The latest Brighton Philharmonic Orchestra concert of the season was a great example of the way music can touch lives, writes Phil Dennett.
As if Beethoven was not moving enough, there was another reason for it stirring the emotions.
The concert at the Dome was sponsored in memory of Philip Wilford, a sponsor in recent years, with his wife Jane, of the Principal Flute. Philip died earlier this year, aged 67, after suffering from cancer for four years. He was a big fan of conductor-pianist Freddy Kempf and loved Beethoven. In his will he left £10,000 to the orchestra.
Philip would have been delighted with the way Kempf and highly consistent orchestra evoked perfectly the sometimes dark but expressively beautiful Beethoven Third Piano Concerto.
Kempf was the cool captain of the keys at the eye of the storm in the first movement, expressing energy seemingly effortlessly while easing into the more reflective moments.
His opening of the slow movement was delightfully fragile yet confident, and the graceful lightness of the orchestra complemented the mood beautifully.
There are so many delights in this work of light and shade and Kempf captured them all with a memorable performance that was matched note for note by the musicians.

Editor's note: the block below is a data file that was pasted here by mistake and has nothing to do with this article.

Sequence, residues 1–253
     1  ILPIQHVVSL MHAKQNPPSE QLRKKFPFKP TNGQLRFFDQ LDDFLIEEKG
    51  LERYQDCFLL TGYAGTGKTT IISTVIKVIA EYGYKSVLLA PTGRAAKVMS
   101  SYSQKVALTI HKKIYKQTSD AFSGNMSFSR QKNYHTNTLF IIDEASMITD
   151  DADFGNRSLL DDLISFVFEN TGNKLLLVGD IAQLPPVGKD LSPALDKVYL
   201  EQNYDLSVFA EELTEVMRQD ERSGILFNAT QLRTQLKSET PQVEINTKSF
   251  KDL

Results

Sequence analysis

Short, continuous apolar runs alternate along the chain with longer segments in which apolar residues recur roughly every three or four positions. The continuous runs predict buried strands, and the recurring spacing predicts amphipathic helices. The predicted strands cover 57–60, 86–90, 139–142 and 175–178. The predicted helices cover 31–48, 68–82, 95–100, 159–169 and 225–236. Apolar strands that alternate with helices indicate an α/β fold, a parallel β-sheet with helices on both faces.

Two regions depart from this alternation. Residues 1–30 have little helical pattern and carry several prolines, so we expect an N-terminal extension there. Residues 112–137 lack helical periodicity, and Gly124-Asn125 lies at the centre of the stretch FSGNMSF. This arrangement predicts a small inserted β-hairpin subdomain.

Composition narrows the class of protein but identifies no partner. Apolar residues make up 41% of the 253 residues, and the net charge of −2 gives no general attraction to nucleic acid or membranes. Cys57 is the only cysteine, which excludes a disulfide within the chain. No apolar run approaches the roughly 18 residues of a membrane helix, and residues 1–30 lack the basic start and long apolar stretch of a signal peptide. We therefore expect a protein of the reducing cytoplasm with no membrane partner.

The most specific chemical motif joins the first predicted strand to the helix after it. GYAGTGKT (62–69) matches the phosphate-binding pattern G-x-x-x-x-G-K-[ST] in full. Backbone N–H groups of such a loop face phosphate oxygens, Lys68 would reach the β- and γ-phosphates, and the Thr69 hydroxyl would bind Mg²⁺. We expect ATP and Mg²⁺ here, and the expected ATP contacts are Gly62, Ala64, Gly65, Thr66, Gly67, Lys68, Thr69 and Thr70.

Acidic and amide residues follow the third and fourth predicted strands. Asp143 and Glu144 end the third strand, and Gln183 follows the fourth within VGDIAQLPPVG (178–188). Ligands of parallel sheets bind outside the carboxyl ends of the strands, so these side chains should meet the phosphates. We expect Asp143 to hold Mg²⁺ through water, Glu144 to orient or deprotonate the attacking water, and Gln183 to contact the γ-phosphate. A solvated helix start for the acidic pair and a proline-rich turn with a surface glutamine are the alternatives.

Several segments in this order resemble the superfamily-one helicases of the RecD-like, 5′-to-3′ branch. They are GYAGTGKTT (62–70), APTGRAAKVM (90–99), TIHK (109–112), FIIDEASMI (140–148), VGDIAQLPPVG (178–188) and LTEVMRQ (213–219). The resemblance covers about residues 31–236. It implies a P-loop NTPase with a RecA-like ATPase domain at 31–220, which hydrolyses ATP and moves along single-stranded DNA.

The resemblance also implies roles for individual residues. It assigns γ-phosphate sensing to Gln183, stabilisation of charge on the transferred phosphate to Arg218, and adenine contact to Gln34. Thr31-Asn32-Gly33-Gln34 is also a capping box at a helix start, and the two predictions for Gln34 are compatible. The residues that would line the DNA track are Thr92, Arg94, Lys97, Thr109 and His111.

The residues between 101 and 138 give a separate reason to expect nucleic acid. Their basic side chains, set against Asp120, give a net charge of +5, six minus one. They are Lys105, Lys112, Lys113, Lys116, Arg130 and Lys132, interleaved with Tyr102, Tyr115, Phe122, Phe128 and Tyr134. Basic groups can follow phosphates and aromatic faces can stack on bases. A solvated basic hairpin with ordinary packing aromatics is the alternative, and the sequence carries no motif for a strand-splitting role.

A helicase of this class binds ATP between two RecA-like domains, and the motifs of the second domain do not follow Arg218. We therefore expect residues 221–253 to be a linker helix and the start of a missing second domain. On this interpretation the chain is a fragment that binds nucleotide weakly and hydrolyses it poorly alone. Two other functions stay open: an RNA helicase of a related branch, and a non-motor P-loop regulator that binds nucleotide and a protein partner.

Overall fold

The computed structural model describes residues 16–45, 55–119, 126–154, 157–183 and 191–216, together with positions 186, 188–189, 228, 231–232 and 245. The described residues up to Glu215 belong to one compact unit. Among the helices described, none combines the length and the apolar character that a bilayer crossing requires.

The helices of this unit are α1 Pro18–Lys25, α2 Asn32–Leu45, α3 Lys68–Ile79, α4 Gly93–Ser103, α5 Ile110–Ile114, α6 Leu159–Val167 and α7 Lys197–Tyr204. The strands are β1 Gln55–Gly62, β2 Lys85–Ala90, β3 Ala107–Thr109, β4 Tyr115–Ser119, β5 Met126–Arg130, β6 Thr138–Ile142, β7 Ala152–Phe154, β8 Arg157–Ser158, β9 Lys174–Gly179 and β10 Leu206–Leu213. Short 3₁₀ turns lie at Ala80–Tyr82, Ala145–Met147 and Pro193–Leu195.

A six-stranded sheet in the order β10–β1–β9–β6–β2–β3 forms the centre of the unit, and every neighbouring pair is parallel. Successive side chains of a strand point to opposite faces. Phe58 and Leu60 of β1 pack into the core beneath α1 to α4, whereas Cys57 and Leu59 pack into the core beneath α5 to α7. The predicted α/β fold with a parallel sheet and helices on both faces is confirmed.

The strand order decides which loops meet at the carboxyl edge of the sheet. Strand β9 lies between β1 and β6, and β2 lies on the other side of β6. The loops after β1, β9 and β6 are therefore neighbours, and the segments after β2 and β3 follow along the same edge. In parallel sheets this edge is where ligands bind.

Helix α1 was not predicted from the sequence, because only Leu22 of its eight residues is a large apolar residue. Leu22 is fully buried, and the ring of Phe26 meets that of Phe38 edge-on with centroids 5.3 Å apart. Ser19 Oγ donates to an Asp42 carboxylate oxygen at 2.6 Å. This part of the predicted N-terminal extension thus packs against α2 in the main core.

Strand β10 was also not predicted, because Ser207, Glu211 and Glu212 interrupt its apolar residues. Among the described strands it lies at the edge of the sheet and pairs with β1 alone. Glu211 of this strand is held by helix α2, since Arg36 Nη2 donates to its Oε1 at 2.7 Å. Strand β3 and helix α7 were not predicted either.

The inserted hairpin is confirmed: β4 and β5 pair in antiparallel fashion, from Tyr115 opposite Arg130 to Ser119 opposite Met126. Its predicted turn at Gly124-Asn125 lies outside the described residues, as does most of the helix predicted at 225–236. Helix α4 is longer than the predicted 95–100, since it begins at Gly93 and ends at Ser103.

At times he played high notes with his right hand while bringing in the orchestra with his left, a little distracting at times but never detracting from the quality of the music.
Dvorak’s deep and at times doomy Symphony Number 7 is probably his best musically, even though the 9th, or New World, Symphony is no doubt the most popular.
There was there plenty of power from the brass in the restless allegro opening movement, alongside some attractive woodwind playing.
Gentle clarinet and bassoon paved the way for the strings to ease into the poco adagio, and the orchestra captured this movement’s contrast of the tranquil and feverish, with taut strings and ominously rumbling cello and bass.
The strings and some timely trumpets added fire to the fervent and most exhilarating third movement, and the mood of defiance in the fourth was tangible.
Indeed, Kempf infused the orchestra with his energy and enthusiasm when conducting the other two pieces away from the piano stool, including a sparkling Rossini Semiramide Overture.
Jane Wilford said of her husband’s bequest: “We have both had so much pleasure from attending Brighton Philharmonic concerts over many years.
“Music was part of our life together and we are all very lucky in this town to have such a wonderfully enriching cultural scene, of which the Brighton Philharmonic is an integral part.
“Philip was very keen for the orchestra to go from strength to strength, and he left a bequest in his will to the Brighton Philharmonic Society of £10,000.”
The Society said it was very grateful to Philip for the generous bequest, and to Jane who continues to sponsor the Principal Flute.
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